AS to the garage in question, I have 3 garages, it is a utility area and where I have my radial arm saw, work mates, saw horses and several other wood working arrangements. Next I want to put in an area that can handle large vises, both metal and wood types.

                  Side note, I got some wall locker given to me, while taking them apart to get them in the van, one sheet panel was really bend up bad. I got body tools out, my welding sheet metal vice grips and my tamper (http://www.lowes.com/lowes/lkn?actio...34&lpage=none), cleaned the floor, and hit the sheet metal with the tamper. The tamper took most of the bent and badly wrinkled areas out. Great little tool to have. Then used the other tools to get the lip back into shape. Then bolted it back on. Now I have a locker to put my leathers and my buckets into.

                  Jerry
                  Last edited by jfsmith; 06-24-2007, 10:02 AM.

                  Comment


                  • #10
                    every one loves a freebee, lets see some pic's of the locker. is it blue.
                    that dosent look like too many of the sheetmetal tools ive seen but it sounds like it worked.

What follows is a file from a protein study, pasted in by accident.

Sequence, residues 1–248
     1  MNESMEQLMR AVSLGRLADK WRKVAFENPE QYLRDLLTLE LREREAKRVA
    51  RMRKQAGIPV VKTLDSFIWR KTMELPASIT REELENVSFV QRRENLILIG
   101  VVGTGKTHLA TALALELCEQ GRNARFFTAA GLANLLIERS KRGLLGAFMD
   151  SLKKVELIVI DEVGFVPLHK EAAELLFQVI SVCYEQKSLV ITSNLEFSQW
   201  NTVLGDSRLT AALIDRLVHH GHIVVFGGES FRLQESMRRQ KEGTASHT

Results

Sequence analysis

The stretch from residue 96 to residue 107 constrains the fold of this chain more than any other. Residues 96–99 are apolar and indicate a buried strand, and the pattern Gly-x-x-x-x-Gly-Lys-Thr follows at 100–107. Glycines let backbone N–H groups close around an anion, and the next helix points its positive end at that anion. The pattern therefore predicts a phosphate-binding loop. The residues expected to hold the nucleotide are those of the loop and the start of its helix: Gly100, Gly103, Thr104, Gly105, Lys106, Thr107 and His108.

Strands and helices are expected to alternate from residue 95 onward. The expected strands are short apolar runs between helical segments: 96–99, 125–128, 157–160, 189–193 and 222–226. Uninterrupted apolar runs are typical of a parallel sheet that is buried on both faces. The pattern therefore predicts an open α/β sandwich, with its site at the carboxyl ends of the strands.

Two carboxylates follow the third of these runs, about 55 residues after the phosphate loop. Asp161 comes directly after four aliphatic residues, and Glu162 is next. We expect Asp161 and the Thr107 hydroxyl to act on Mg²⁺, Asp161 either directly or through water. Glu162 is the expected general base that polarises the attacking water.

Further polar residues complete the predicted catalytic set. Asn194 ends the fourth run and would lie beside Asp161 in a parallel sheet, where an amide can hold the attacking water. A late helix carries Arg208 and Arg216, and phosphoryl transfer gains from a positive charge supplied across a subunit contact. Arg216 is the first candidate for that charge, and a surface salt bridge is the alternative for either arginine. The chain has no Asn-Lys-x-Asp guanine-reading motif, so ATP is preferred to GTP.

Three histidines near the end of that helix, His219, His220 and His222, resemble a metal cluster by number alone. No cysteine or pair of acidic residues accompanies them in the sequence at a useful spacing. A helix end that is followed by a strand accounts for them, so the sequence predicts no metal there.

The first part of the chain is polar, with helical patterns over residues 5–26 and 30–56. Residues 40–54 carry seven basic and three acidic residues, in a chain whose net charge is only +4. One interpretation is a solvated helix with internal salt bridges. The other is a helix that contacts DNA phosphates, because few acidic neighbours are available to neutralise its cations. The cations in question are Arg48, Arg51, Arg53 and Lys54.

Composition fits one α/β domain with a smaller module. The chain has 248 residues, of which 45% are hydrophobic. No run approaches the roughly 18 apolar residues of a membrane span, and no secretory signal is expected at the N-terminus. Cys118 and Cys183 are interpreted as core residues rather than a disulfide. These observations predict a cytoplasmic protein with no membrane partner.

Last edited by fun4now; 06-24-2007, 10:21 AM.

                    Comment


                    • #11
                      James,

                      Here are the pictures:

                      The end of the wall lockers you can see the area I flattened out.

                      http://anvilsandinkstudios.com/locker1.jpg

                      They were brown, then painted gray, my PT 275 is in the background.

                      http://anvilsandinkstudios.com/locker2.jpg

                      The Whole end of the wall lockers, with my forge in the background and my PT 275 peaking around the corner.

                      http://anvilsandinkstudios.com/locker3.jpg

                      One extra shot, See the wrinkles where I straighten them out?

                      http://anvilsandinkstudios.com/locker4.jpg

                      I saw people over seas flattening things out with various tools, so I tried once and it works. May not be perfect, but it works for me.

                      I can get 3 more units if I want to. Some will need some straighten while others are just fine.


                      Jerry

                      Comment


                      • #12
                        Here are the lights

                        Here are the lights:

                        The rear of the garage:

                        http://anvilsandinkstudios.com/lights1.jpg

                        In the low ceiling area:

                        http://anvilsandinkstudios.com/lights2.jpg

                        The rail for the garage door opener will give you a good idea of the space restrictions.

                        Jerry

                        Comment


                        • #13
                          The lights have been on since yesterday afternoon and they are no hotter than the ones in the back of the garage that are hanging from chains.


                          Jerry